From perception to conception: how meaningful objects are processed over time.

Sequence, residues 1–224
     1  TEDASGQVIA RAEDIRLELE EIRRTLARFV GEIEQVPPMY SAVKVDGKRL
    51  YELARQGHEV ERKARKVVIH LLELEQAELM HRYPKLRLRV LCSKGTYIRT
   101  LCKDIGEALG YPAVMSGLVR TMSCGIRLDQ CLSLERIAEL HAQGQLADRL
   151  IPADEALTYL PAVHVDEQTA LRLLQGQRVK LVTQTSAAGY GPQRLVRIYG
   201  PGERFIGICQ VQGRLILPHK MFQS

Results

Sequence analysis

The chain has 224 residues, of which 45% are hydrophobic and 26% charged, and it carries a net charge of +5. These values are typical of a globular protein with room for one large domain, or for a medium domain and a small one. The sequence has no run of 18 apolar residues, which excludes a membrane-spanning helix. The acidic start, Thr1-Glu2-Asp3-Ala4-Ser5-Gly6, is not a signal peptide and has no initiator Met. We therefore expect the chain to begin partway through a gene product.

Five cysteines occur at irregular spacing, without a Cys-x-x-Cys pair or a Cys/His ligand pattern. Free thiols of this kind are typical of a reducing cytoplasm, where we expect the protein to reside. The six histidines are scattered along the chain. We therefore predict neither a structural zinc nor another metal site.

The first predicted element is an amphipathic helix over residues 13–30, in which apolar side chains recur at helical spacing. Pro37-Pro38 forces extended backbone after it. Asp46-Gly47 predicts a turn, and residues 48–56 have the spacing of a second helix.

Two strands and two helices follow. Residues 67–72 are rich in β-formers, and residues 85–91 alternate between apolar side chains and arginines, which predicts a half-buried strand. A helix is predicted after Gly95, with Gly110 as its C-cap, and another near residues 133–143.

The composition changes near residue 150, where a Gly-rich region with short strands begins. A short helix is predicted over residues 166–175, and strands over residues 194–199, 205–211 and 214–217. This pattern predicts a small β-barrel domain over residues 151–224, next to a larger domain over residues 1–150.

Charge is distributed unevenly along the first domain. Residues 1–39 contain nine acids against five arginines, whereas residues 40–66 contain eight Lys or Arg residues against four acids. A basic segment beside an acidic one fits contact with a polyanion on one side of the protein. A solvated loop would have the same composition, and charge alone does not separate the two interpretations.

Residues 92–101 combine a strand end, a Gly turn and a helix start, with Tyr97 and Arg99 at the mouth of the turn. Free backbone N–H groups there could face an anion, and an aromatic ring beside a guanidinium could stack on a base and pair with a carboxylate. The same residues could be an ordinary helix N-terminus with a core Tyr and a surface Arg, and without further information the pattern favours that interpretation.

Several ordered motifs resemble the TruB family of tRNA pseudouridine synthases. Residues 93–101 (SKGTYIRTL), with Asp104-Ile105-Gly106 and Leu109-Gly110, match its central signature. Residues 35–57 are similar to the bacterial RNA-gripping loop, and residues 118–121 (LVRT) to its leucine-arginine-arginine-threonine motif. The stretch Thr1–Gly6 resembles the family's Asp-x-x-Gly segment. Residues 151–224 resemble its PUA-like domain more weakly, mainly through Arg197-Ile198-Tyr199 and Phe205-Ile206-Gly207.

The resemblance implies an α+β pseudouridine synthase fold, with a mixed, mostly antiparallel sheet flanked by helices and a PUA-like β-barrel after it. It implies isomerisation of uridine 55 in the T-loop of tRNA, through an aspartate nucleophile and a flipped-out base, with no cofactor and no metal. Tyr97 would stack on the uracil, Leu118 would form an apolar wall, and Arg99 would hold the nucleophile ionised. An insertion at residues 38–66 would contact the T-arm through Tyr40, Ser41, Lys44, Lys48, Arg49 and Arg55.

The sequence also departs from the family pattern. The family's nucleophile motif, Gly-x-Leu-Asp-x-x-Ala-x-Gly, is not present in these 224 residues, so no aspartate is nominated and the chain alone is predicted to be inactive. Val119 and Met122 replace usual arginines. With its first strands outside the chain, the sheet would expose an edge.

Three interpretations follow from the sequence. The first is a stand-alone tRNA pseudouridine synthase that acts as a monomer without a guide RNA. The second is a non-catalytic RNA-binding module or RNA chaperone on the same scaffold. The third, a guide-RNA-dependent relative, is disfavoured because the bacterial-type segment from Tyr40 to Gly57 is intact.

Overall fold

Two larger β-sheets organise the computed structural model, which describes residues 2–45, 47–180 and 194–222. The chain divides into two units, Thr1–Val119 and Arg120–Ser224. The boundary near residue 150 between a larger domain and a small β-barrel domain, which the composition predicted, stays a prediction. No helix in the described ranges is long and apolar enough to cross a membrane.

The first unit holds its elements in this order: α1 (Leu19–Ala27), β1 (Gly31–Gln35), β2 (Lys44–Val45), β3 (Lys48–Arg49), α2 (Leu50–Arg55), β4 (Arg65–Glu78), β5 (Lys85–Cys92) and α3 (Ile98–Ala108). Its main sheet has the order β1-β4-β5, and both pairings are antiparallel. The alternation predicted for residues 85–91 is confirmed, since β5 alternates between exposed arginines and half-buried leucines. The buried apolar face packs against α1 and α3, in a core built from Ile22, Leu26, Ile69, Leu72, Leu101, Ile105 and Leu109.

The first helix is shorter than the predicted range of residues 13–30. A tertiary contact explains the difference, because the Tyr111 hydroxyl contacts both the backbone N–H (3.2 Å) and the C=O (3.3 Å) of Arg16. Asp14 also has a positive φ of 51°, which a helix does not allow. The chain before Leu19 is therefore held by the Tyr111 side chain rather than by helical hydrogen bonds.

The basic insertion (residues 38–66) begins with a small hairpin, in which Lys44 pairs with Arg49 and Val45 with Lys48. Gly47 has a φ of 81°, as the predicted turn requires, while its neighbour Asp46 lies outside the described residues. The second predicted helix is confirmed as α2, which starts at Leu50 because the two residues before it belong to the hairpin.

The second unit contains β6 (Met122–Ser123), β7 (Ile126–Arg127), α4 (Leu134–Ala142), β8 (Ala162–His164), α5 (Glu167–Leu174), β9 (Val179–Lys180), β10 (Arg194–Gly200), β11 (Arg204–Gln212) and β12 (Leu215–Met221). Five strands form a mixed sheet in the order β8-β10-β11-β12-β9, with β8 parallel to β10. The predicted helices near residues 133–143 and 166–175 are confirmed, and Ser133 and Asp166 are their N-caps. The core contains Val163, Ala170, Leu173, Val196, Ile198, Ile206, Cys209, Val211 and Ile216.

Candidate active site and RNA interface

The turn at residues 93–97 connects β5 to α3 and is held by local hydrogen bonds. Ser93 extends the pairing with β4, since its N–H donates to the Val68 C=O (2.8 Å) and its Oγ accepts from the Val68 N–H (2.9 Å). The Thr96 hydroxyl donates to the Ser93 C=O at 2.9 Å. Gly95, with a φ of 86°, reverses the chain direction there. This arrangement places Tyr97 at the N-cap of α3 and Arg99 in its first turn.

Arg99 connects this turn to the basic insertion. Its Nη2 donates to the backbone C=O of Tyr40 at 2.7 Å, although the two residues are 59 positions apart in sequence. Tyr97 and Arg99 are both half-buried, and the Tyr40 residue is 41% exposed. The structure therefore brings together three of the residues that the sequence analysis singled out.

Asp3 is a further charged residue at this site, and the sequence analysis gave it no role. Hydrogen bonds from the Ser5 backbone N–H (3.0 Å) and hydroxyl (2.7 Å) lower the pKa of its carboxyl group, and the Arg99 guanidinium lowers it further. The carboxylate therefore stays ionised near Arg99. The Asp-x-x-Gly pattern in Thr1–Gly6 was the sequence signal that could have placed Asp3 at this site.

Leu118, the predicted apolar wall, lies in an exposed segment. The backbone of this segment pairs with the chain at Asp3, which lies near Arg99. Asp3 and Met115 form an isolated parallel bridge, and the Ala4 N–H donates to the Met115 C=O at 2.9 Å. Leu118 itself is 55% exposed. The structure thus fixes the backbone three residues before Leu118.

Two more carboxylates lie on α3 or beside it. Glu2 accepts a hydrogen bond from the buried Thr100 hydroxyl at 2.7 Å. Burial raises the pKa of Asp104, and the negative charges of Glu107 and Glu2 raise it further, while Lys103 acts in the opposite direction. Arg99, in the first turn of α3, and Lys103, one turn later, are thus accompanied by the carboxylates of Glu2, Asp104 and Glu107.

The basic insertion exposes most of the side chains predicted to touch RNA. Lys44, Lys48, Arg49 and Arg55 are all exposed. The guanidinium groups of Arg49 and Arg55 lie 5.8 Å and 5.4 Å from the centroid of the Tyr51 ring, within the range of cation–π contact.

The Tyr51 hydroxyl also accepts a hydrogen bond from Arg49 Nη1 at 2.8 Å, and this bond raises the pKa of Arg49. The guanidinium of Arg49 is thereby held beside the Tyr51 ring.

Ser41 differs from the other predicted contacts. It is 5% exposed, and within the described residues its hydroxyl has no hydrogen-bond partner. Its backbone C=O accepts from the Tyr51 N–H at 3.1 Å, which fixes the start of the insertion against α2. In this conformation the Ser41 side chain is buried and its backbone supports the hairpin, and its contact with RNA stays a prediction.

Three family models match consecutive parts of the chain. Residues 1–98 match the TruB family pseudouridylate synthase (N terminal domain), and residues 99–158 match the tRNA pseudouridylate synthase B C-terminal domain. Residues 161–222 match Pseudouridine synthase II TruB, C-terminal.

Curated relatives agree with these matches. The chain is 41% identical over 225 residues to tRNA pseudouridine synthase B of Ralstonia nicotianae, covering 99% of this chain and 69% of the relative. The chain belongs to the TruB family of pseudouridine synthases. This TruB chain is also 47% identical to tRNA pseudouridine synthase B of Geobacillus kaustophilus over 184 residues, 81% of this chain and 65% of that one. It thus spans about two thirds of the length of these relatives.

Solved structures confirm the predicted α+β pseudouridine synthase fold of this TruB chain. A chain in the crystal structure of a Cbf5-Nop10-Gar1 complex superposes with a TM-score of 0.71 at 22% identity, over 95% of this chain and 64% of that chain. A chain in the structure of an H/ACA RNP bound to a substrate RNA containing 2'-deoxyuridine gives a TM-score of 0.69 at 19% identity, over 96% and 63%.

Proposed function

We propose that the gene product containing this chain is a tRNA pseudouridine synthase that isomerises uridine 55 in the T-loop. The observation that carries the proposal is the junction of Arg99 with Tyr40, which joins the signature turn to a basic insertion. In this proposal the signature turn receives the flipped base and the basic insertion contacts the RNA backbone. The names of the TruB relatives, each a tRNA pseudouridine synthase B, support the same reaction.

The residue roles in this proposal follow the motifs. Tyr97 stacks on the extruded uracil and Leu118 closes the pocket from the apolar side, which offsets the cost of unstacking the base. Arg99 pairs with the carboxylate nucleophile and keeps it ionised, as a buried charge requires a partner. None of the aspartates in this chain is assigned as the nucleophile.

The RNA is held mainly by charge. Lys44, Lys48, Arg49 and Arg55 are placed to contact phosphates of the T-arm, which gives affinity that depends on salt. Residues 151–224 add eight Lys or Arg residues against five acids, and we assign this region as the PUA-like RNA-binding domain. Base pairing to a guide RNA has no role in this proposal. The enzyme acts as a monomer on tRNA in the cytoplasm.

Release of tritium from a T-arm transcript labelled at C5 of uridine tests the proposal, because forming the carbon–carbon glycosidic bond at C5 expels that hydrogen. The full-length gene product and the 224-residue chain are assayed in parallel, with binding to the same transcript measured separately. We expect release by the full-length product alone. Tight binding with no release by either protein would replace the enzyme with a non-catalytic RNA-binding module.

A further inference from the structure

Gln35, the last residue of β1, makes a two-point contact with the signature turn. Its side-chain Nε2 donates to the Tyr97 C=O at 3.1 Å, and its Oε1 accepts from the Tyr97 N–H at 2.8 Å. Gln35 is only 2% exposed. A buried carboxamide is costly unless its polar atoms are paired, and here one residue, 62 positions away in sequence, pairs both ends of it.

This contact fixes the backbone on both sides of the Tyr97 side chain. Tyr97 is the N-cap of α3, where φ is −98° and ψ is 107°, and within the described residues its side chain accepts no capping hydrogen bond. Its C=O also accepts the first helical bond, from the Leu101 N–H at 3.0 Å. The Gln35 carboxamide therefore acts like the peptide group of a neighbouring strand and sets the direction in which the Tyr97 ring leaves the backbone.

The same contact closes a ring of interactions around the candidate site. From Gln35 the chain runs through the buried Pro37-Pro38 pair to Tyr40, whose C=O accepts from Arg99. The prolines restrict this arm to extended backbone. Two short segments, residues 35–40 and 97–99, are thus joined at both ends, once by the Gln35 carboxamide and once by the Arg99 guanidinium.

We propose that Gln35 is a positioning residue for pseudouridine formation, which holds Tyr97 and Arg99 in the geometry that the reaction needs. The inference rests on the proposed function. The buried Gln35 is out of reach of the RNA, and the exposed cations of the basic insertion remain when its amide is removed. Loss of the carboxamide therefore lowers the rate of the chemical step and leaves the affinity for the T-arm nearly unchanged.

To recognize visual objects, our sensory perceptions are transformed through dynamic neural interactions into meaningful representations of the world but exactly how visual inputs invoke object meaning remains unclear. To address this issue, we apply a regression approach to magnetoencephalography data, modeling perceptual and conceptual variables. Key conceptual measures were derived from semantic feature-based models claiming shared features (e.g., has eyes) provide broad category information, while distinctive features (e.g., has a hump) are additionally required for more specific object identification. Our results show initial perceptual effects in visual cortex that are rapidly followed by semantic feature effects throughout ventral temporal cortex within the first 120 ms. Moreover, these early semantic effects reflect shared semantic feature information supporting coarse category-type distinctions. Post-200 ms, we observed the effects along the extent of ventral temporal cortex for both shared and distinctive features, which together allow for conceptual differentiation and object identification. By relating spatiotemporal neural activity to statistical feature-based measures of semantic knowledge, we demonstrate that qualitatively different kinds of perceptual and semantic information are extracted from visual objects over time, with rapid activation of shared object features followed by concomitant activation of distinctive features that together enable meaningful visual object recognition.